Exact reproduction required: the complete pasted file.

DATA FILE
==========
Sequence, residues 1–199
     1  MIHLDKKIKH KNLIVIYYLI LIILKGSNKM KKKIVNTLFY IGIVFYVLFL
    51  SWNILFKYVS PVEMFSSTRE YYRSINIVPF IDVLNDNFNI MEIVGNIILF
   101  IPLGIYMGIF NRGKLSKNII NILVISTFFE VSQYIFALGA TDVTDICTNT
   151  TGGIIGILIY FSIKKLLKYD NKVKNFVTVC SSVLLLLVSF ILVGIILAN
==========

Sequence, residues 1–199
     1  MIHLDKKIKH KNLIVIYYLI LIILKGSNKM KKKIVNTLFY IGIVFYVLFL
    51  SWNILFKYVS PVEMFSSTRE YYRSINIVPF IDVLNDNFNI MEIVGNIILF
   101  IPLGIYMGIF NRGKLSKNII NILVISTFFE VSQYIFALGA TDVTDICTNT
   151  TGGIIGILIY FSIKKLLKYD NKVKNFVTVC SSVLLLLVSF ILVGIILAN